The 42 Degrees Library is celebrating the International Day for Disaster Risk Reduction this 13th of October. The day promotes a global culture of risk-awareness and disaster reduction and celebrates how people and communities around the world are reducing their exposure to disasters, whilst highlighting the importance of working to mitigate and prevent disaster risks. Yet as we know, disasters and disaster risks affect different communities unevenly, with some individuals impacted disproportionately to others. The team behind the 42 Degrees Library owe their existence to a sentence in the 2015 edition of the Disaster Risk Reduction Good Practice Review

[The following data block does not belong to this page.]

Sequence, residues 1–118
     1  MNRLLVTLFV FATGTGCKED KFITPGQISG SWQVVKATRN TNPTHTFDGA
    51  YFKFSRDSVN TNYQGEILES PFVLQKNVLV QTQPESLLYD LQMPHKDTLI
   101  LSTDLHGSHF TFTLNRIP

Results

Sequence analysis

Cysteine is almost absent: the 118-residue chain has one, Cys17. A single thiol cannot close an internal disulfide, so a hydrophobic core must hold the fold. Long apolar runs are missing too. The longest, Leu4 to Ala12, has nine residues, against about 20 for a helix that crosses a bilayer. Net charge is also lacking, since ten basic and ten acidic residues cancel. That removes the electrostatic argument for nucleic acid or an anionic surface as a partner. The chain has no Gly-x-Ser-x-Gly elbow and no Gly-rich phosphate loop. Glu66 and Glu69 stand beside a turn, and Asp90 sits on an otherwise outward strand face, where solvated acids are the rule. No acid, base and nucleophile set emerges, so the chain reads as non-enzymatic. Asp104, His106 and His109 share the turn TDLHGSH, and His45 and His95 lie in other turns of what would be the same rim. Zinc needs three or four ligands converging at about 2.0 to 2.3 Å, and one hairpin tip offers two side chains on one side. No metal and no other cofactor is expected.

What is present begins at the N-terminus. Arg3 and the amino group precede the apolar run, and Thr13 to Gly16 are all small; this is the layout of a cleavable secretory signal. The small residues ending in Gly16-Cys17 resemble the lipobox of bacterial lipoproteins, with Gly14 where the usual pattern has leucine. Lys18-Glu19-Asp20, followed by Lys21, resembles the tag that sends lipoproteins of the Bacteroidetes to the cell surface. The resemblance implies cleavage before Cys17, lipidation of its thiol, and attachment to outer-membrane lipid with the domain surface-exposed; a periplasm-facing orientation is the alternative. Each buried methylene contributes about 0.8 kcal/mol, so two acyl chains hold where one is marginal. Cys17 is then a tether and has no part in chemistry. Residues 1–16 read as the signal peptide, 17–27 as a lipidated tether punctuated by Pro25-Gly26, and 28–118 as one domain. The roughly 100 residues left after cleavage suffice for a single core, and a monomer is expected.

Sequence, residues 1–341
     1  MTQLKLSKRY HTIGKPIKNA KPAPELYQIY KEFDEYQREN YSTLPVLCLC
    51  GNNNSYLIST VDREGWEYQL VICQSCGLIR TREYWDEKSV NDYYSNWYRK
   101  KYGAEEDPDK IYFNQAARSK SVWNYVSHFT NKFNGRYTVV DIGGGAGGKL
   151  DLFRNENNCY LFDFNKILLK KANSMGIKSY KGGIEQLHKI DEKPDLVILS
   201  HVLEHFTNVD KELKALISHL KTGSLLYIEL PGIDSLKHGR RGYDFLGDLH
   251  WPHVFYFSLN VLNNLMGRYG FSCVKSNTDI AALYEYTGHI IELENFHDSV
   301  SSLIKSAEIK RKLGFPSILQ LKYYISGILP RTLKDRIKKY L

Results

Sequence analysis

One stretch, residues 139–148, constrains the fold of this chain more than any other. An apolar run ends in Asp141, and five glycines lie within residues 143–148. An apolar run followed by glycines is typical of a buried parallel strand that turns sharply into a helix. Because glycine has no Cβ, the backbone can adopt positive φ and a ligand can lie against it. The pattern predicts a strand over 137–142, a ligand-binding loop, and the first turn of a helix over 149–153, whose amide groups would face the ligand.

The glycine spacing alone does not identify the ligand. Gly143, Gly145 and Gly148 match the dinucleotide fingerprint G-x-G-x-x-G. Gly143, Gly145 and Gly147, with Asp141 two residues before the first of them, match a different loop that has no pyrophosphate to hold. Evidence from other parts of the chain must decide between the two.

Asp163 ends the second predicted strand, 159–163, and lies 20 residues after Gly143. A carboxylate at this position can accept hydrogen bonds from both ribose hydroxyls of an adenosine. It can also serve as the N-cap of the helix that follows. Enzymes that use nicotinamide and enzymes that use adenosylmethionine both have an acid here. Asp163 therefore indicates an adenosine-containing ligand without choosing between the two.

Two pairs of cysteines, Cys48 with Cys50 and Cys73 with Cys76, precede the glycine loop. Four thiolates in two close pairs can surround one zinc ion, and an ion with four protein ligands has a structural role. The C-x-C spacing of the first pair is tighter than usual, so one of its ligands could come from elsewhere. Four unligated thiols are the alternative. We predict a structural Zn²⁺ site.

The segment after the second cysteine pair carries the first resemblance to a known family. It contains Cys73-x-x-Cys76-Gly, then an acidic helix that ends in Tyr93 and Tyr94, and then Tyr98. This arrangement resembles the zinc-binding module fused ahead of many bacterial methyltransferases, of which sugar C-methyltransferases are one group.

that states: “Disaster managers do not, at present, consider the needs and capacities of LGBT people in their disaster planning, or identify them as a specific audience for preparedness advice.” This sentence inspired our founders, Emily Dwyer and Lana Woolf, to start Edge Effect to ensure that the needs and capacities of diverse SOGIESC communities are considered. There is still a lot of work to do: DRR planning and response does not adequately include or address the needs of diverse SOGIESC communities and as a result, diverse SOGIESC communities continue to be invisible and ignored in DRR response. We are using the International Day for Disaster Risk Reduction to raise awareness about the specific strengths, considerations, and experiences of diverse SOGIESC communities in disaster settings. We do this to empower humanitarian actors with the information you need to be more inclusive in your DRR practice. We ask you to join us in celebrating this day, and in amplifying the voices of diverse SOGIESC individuals in disasters and disaster risk settings so that they may be heard.